Experts predict that annual voluntary turnover could rise to 20% or more for white-collar workers, as companies bid for top talent and star employees start heading for the exits. For employers, "it's going to be quite traumatic," says Ed Jensen, a partner in the human performance practice at Accenture (ACN
It has been three long years of doubled-up workloads, minuscule raises, and ungrateful bosses -- and American workers are fed up. In the late 1990s, when even modest performers could drum up multiple job offers, such treatment would have led to a mass exodus. Today, it has many workers quietly updating their r?sum?s and biding their time. After three rounds of layoffs in three years at her magazine, one New York editor says she's now pulling all-nighters every other week. With an out-of-work husband, she can't afford to quit, but she'll depart as soon as hiring picks up. "You feel grateful for having a job, but because of downsizing I'm doing two other people's jobs," she says. "It has just been hugely stressful."
How many people are in the same boat? Sibson Consulting says one out of six is ready to bolt. Walker Information says its survey of 2,400 employees found that 34% were at high risk for departure. And Accenture says half of all U.S. middle managers are actively looking for new jobs or will be soon. The bottom line: After years of cracking the whip, employers who want to win the coming war for talent need to start giving their troops a compelling reason to stay.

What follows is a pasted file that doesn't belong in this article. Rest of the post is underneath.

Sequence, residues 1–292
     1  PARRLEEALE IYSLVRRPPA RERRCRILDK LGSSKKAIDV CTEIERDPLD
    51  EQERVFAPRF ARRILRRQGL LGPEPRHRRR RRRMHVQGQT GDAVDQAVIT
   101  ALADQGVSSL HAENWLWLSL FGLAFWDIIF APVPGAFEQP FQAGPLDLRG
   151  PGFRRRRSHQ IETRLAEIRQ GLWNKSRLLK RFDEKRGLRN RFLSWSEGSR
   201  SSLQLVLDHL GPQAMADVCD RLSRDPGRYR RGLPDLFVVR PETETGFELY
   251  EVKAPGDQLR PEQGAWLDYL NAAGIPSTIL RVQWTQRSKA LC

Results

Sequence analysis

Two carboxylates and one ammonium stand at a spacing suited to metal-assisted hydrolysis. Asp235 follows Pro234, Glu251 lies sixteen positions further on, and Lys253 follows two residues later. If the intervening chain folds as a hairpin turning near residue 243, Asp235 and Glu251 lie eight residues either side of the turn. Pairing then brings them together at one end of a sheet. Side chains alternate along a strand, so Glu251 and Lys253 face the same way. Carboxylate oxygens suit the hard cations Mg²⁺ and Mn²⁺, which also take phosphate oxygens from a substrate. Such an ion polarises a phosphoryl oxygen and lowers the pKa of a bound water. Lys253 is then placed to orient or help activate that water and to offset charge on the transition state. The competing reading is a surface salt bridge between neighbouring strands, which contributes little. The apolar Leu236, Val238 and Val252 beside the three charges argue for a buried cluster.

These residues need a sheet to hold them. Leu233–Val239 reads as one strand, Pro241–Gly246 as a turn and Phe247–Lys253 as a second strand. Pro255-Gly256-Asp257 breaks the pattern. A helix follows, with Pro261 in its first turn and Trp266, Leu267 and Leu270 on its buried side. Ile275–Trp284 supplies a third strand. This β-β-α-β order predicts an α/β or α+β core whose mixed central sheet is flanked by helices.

None of this should come as a surprise. As a yearlong jobless recovery that followed the 1990-91 recession gave way to vigorous job growth in 1992, voluntary departures surged. This time around, the battle for talent could be fiercer. The current recovery's jobless stage is both more severe and nearly twice as long as in the early '90s -- and it's not over yet. The result: large numbers of employees who feel trapped in their jobs and who have no qualms about leaving. Says Frederick F. Reichheld, a Bain & Co. loyalty expert: "They're very susceptible to an offer they can't refuse."
Most susceptible of all are the people companies can least afford to lose. With budgets stretched to the limit, there are fewer rewards to go around. In 2003, pay raises for salaried employees have averaged 3.4%, down from 3.6% in 2002 and 4.3% in 2000 and 2001, says Hewitt Associates LLC. Compounding the problem, many outfits are offering the same raises to stars and laggards alike, and top performers feel underappreciated. In a recent survey of 1,100 employees, Sibson found the best workers had the worst attitudes and were more likely to be planning a job search.
For companies left in the lurch by mass defections, it's not just a question of temporary inconvenience. Replacement costs for professional employees can be staggering -- 18 months pay, according to Hay Group, not including lost sales and productivity.
To avoid that fate, businesses need to get moving -- now. Managers need to do a better job of differentiating stars from underachievers. Well-structured incentive pay, such as stock or options tied to specific performance goals, can help. But even that will do little to motivate employees if the job feels like a dead end. Managers should be looking for ways to give star players more responsibility, greater autonomy, and a clear shot at advancement. After all, the best time to talk your most valuable players into sticking with the team is before they've begun scouting opportunities with competitors. By Louis Lavelle